What to do with whistleblowers

The drastic shortening of Chelsea Manning’s sentence by the outgoing Obama administration in the US has brought the topic of whistleblowers back into the spotlight as Australia continues to lag in the protection and reward of those who expose wrongdoing.

Ms Manning, was sentenced to a 35-year jail sentence in 2013 for the largest leak of classified and sensitive material in US history. Over hundreds of thousands of documents were given to whistleblower website WikiLeaks, that worked with media outlets to collate and publish the material.

The leaked material came from databases that then-serving US army intelligence officer Bradley Manning had access to while stationed in Iraq. Among the revelations were the documented increase in civilian deaths by US drone strikes and the abuse of detainees.

There had been escalating calls for US President Barrack Obama to use his powers of granting clemency following reports that Ms Manning has twice attempted suicide, spent six months in solitary and been on hunger strike.

Ms Manning, who has undergone gender transition while in prison, will now walk free on May 17 of this year.

The Australian founder of WikiLeaks, Julian Assange, who currently is holed up in the Ecuador’s embassy in London claiming diplomatic protection, has said he would allow himself to be deported to the US, where he would face charges, if Manning was released early.

Compared to other countries Australia does little to protect and encourage whistleblowers, especially those from the private sector.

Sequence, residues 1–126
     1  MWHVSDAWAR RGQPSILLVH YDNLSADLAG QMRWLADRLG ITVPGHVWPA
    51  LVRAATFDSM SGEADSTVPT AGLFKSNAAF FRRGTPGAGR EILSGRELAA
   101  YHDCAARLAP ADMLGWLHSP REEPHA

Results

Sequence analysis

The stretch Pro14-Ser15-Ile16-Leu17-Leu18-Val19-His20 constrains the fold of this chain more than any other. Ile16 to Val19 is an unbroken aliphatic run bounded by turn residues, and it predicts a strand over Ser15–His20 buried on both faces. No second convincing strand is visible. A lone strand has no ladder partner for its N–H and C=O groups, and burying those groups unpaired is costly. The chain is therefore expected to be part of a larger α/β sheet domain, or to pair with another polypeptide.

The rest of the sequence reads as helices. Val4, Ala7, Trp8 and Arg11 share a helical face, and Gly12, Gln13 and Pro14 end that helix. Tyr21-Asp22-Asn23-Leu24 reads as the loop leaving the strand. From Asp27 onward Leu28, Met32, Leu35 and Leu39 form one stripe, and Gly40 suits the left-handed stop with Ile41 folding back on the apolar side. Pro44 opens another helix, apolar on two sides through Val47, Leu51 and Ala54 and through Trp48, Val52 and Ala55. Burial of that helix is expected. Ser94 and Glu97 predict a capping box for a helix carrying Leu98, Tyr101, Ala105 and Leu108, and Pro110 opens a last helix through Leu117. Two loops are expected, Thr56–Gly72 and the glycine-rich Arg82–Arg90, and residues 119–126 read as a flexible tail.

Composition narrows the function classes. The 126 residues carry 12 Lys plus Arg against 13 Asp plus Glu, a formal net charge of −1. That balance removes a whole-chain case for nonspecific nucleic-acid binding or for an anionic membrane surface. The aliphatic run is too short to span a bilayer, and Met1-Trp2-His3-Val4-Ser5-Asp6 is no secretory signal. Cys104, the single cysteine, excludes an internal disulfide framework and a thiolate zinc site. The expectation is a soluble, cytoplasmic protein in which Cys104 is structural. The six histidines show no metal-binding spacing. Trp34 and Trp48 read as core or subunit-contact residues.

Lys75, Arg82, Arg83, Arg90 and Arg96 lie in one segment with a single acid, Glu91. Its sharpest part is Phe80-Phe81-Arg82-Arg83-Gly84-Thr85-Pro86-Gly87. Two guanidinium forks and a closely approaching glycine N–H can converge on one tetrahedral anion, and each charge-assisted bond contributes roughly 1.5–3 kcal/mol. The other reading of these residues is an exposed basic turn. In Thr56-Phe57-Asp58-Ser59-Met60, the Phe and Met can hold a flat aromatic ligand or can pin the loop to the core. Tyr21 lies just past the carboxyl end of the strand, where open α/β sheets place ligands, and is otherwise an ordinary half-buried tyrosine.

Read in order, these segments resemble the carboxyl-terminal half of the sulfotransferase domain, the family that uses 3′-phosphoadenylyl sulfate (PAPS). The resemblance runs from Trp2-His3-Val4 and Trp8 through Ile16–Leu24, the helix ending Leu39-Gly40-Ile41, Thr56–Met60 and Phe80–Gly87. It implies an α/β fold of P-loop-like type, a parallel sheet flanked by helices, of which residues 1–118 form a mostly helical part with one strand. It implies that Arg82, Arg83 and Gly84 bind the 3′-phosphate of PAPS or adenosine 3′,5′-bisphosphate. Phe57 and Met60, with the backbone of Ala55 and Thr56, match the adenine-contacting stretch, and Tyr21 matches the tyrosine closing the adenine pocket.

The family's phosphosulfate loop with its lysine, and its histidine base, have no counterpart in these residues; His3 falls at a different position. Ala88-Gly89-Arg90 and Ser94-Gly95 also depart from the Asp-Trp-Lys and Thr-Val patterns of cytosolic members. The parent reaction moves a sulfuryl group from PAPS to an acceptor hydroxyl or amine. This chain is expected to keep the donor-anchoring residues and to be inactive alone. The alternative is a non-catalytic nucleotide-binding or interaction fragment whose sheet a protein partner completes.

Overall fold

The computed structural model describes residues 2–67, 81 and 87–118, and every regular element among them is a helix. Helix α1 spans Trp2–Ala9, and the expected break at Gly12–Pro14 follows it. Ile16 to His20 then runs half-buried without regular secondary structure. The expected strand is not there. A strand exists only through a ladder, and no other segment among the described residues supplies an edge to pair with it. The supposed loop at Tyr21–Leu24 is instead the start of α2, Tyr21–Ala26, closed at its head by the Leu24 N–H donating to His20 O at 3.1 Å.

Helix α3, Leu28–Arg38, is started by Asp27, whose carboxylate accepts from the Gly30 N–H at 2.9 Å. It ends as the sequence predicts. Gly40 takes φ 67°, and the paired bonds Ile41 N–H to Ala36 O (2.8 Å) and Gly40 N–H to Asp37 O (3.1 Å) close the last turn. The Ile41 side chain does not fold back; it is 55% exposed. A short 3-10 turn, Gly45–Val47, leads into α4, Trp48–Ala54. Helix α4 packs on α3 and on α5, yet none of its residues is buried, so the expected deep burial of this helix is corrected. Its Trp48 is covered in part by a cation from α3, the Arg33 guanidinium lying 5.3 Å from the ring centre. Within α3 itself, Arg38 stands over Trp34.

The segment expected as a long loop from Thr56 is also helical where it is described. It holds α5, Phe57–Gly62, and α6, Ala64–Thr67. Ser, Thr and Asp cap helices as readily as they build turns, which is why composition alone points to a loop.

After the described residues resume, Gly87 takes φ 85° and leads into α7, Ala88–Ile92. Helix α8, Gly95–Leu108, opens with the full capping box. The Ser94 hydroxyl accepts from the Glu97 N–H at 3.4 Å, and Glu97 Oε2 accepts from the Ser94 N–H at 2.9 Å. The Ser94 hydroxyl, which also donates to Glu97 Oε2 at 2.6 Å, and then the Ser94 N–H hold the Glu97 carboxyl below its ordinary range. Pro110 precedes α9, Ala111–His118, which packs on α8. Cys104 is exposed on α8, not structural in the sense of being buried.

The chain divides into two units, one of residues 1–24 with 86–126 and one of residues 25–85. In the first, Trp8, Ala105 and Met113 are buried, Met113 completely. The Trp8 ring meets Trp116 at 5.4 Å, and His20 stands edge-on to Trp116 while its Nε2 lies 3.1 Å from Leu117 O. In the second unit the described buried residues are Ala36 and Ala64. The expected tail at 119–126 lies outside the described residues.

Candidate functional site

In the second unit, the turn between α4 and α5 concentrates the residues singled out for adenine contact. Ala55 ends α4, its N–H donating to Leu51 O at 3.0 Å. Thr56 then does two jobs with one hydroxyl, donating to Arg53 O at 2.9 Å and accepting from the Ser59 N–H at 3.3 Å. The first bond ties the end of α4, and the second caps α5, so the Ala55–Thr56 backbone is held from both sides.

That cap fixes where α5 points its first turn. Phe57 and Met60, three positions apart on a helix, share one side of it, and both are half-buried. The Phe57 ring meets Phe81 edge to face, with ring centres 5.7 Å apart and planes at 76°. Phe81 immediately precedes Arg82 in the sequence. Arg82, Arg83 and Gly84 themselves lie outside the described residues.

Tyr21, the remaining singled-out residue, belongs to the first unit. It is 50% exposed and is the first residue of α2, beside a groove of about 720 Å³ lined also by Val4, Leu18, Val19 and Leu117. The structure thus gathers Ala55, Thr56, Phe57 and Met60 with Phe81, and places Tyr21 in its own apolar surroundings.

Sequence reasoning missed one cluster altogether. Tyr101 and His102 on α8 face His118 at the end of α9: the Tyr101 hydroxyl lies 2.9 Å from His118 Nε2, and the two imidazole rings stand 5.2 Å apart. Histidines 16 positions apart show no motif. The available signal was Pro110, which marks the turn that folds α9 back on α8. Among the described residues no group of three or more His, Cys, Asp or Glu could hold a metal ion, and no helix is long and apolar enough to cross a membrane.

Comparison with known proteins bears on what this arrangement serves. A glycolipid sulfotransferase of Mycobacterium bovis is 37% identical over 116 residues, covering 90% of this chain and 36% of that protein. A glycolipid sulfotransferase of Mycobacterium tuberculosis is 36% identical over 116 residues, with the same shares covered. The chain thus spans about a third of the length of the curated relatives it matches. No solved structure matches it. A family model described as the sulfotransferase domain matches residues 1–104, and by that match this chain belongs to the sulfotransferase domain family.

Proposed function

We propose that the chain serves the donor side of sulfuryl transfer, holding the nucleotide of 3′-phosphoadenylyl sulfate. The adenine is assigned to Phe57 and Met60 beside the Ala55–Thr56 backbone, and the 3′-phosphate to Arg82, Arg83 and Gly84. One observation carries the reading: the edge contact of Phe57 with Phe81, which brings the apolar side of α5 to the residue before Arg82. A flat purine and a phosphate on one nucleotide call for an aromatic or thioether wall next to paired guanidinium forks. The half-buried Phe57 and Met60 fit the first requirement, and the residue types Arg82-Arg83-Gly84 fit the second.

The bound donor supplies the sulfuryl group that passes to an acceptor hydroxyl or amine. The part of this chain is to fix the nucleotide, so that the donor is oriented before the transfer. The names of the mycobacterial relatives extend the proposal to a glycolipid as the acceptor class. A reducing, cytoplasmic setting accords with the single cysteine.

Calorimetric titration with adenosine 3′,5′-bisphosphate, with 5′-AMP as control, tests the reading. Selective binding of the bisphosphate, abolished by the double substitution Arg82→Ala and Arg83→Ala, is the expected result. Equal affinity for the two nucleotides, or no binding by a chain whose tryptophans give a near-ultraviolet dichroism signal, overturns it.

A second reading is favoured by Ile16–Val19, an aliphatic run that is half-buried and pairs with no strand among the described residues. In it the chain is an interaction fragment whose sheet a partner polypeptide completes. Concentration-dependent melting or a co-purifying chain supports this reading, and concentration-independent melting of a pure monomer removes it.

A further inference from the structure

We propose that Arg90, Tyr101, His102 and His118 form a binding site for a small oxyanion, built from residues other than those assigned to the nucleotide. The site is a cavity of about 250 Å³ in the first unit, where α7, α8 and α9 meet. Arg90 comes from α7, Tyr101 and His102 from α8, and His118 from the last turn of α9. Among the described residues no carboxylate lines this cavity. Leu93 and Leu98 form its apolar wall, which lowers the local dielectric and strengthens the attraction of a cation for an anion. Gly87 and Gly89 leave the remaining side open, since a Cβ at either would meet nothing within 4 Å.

However, a deal made late last year with crossbench Senators Derryn Hinch and Nick Xenophon by the Turnbull government to pass its building industry watchdog legislation has afforded stronger protections to union whistleblowers.

These may be extended more widely throughout the private and public sector.

Last year the Uniting Church wrote a submission to a parliamentary inquiry looking at whistleblower legislation.

“The National Action Plan should include a commitment to protect and reward whistleblowers in the private sector … to expose human rights abuses carried out by management and employees of businesses,” the submission said.

As part of a resolution on combatting corruption Synod in 2014 called for “legislation to protect and reward private sector whistleblowers who expose fraud and corruption against Australian governments, similar to laws that already exist in the UK and US”.

The US and UK pay whistleblowers a percentage of monies recouped as a result of illegal activity, such as tax evasion, being exposed.

“The provision of financial reward for whistleblowing has allowed the US to expose major cases of illegal activity against the US Government,” the Church wrote in its submission to parliament.

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